Singapore Foreign Ministry spokesman: There's no 'special task force' on Rohingya repatriation

Malaysia's Bernama news agency had reported that an "Asean foreign ministers special taskforce" will be going to Myanmar to discuss the quickest way to help Rohingya refugees return home.
Malaysia's Bernama news agency had reported that an "Asean foreign ministers special taskforce" will be going to Myanmar to discuss the quickest way to help Rohingya refugees return home.PHOTO: ST FILE

SINGAPORE - Singapore's Ministry of Foreign Affairs (MFA) has rebutted reports that an "Asean foreign ministers special taskforce" will be going to Myanmar later this month to discuss the quickest way to help Rohingya refugees return home.

"There is no 'special taskforce'," a MFA spokesman said on Wednesday (Oct 24) in response to media queries.

"Asean is ready to assist Myanmar to commence the voluntary and safe repatriation of refugees, as soon as possible, pursuant to the Arrangement on Return of Displaced Persons from Rakhine State between Bangladesh and Myanmar signed in November 2017," the spokesman added.

Malaysia's Bernama news agency had on Monday reported the country's Foreign Minister Saifuddin Abdullah as saying "efforts to help the community return to their homeland were initiated by the Asean Foreign Ministers Special Taskforce led by Singapore's Foreign Minister Vivian Balakrishnan".

Mr Saifuddin was reported saying among the actions expected to be implemented by the special task force was to set up a monitoring team to ensure the safety of the Rohingya community in Myanmar.

Another Bernama report on Tuesday cited Mr Saifuddin as saying Dr Balakrishnan and Thai Foreign Minister Don Pramudwinai would go to Myanmar at the end of the month to discuss the matter, with repatriation expected to begin early next year.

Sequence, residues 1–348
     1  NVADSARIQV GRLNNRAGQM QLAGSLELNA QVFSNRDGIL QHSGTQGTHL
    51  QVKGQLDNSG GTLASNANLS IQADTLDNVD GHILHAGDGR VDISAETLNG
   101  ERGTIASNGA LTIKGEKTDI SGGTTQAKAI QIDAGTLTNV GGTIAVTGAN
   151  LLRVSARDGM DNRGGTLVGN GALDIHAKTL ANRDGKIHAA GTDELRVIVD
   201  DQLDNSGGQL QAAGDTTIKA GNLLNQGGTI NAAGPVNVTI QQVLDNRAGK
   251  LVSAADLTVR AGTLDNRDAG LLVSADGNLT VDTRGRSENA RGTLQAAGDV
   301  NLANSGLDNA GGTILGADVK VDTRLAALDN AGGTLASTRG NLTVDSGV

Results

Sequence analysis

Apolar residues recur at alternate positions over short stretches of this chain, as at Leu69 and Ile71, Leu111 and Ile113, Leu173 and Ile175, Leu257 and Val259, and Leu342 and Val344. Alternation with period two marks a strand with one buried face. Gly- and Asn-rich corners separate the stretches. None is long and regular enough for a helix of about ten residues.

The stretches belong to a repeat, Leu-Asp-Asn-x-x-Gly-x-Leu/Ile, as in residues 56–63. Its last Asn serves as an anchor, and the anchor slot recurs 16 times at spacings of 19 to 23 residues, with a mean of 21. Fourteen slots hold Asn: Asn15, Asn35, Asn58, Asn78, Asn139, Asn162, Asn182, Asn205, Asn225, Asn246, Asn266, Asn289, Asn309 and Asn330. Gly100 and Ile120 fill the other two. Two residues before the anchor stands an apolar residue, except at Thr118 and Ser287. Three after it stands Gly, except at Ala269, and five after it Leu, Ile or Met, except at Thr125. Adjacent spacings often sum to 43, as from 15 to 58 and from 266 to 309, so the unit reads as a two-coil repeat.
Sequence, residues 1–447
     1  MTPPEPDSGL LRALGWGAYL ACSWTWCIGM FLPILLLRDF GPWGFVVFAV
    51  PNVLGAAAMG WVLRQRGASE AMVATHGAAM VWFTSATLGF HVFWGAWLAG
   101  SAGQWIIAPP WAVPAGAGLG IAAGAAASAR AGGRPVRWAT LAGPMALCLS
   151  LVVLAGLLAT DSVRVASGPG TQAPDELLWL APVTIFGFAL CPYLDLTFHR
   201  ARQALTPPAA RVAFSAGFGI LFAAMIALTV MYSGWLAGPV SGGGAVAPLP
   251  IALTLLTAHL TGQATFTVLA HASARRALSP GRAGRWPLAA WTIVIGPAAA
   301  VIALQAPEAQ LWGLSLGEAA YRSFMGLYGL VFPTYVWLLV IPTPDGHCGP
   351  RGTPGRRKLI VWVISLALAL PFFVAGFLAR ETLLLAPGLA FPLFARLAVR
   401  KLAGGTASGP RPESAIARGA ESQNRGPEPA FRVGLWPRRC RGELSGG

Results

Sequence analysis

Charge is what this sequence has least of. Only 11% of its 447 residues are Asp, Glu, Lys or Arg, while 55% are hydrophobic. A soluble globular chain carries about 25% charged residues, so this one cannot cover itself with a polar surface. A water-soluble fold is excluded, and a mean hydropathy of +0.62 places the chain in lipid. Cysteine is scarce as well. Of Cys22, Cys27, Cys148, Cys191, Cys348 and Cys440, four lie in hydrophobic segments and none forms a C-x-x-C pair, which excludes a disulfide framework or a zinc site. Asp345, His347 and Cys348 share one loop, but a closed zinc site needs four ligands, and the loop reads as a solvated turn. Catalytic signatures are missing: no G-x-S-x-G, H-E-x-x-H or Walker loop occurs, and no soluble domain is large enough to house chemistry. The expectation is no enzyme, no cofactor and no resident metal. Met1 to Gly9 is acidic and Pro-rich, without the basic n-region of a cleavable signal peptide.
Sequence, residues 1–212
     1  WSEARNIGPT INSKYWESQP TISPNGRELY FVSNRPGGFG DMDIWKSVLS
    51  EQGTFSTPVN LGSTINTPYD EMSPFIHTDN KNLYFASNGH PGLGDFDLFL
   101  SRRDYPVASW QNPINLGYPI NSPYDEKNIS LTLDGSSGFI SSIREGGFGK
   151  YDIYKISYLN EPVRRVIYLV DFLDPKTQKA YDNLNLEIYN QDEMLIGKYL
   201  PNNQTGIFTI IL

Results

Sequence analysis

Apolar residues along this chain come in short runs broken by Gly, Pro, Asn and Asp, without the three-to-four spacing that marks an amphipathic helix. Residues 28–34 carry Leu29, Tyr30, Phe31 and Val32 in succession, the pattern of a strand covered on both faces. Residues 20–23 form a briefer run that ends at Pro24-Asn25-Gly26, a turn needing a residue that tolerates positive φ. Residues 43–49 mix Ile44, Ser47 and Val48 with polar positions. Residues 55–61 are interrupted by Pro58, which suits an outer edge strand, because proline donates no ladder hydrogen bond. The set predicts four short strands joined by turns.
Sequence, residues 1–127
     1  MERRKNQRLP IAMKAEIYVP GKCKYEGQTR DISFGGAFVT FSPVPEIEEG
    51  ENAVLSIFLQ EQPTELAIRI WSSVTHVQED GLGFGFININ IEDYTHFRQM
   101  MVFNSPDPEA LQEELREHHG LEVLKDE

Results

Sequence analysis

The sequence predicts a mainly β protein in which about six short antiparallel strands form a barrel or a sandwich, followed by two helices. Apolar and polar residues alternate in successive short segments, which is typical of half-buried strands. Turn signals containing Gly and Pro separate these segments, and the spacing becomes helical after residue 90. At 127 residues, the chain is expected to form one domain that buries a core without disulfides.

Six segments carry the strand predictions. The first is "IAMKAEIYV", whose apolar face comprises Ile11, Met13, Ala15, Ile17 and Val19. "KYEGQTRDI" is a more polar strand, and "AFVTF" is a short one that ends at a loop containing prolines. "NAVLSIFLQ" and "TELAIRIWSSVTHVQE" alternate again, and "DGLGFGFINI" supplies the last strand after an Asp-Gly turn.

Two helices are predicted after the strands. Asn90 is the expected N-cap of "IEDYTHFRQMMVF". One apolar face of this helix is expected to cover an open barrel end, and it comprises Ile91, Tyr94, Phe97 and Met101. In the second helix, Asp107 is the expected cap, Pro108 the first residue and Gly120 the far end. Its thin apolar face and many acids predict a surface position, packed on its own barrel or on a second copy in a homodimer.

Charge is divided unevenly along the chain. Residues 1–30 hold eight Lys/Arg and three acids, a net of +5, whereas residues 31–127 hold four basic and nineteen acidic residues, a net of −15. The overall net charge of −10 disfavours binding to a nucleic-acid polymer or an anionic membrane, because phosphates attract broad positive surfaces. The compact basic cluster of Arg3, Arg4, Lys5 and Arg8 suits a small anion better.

More than 700,000 Rohingya have fled Rakhine state for Bangladesh since a crackdown on the minority began in August 2017.

 

Fellow Asean members and the international community have raised the issue with Myanmar, including when Asean foreign ministers met in New York in September.

Dr Balakrishnan had said a key point was that fellow Asean members "stand ready to help", and that Asean will work with Myanmar to facilitate the safe and dignified repatriation of refugees.

The Rohingya crisis is likely to be discussed at the upcoming Asean and East Asia Summits in Singapore in mid-November.

Separately, on Tuesday, Dr Balakrishnan spoke with US Secretary of State Mike Pompeo over the phone. The MFA spokesman said Dr Balakrishnan welcomed the upcoming visit by US Vice-President Mike Pence to Singapore next month, his first as vice-president, and his attendance at the Asean-US Summit and East Asia Summit.

"Both sides also discussed areas of bilateral cooperation and exchanged views on international and regional developments."

The US State Department added that both ministers "also discussed Asean's central role in the Indo-Pacific Strategy and opportunities for further enhancing bilateral and regional cooperation".